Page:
van der Waals substrate mediated heteroepitaxy of germanium and vanadium disulfide films

Authors
Littlejohn, Aaron James
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Other Contributors
Wang, G.-C. (Gwo-Ching), 1946-
Lu, T.-M. (Toh-Ming), 1943-
Yamaguchi, Masashi
Gall, Daniel
Issue Date
2018-05
Keywords
Physics
Degree
PhD
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This electronic version is a licensed copy owned by Rensselaer Polytechnic Institute, Troy, NY. Copyright of original work retained by author.
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Abstract
Atmospheric pressure chemical vapor deposition was employed for the synthesis of layered transition metal dichalcogenide vanadium disulfide. By tuning several key growth parameters, we achieved VS2 flakes with diameters over 100 μm, larger than those reported in the literature. In addition, ultrathin flakes with thicknesses of several atomic layers are achieved without the use of an exfoliation method as is typically required. X-ray diffraction and high-resolution transmission electron microscopy confirm the flakes’ monocrystalline quality. Raman spectra are collected which, for the first time, agree with the vibrational modes for the trigonal phase of VS2 as determined by density functional theory calculations. Through electron backscatter diffraction pole figure analysis, transmission electron microscopy and optical microscopy a complex epitaxial relationship with nine preferred in-plane orientations is observed in some regions of the VS2/mica samples. Remarkably, this is qualitatively in agreement with a superlattice area mismatch model, providing further evidence of the ability of electrostatic interactions to dictate the nucleation of film atoms in van der Waals heterostructures. Finally, magnetic force microscopy demonstrates room temperature ferromagnetic signal in ultrathin flakes in agreement with several density functional theory calculations. The discovery of an ultrathin ferromagnetic metal such as VS2 may have dramatic impact on emerging fields such as spintronics and quantum computing.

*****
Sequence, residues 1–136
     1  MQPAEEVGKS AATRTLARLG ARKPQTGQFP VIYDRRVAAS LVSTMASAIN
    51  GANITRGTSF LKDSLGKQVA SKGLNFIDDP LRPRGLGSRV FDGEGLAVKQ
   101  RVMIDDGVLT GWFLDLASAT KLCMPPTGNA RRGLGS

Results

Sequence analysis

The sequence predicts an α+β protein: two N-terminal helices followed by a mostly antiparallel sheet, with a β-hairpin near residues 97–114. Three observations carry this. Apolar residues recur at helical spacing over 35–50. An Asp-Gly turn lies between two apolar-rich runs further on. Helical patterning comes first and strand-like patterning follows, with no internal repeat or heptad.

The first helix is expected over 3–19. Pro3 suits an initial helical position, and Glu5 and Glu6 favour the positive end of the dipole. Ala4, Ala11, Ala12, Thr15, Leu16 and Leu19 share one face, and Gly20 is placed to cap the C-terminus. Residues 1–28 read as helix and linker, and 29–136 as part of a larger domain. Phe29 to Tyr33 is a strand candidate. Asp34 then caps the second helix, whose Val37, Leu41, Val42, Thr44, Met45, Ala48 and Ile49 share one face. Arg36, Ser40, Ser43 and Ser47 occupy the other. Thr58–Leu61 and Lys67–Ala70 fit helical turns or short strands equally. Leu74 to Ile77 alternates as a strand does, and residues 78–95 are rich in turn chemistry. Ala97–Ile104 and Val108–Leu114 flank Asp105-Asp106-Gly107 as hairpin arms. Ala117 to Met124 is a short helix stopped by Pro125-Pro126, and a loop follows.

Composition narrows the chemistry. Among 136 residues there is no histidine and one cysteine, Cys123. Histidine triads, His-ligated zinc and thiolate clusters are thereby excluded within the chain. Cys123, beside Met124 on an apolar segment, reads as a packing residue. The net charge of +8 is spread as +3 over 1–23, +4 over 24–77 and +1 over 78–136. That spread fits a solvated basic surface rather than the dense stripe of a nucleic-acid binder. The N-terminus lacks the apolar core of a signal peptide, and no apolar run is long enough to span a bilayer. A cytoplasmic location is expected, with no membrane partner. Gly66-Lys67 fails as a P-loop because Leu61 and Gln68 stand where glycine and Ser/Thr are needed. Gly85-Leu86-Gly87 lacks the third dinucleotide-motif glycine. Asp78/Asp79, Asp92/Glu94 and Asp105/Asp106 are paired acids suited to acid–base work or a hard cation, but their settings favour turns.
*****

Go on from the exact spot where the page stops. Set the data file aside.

Description
May 2018
School of Science
Department
Dept. of Physics, Applied Physics, and Astronomy
Publisher
Rensselaer Polytechnic Institute, Troy, NY
Relationships
Rensselaer Theses and Dissertations Online Collection
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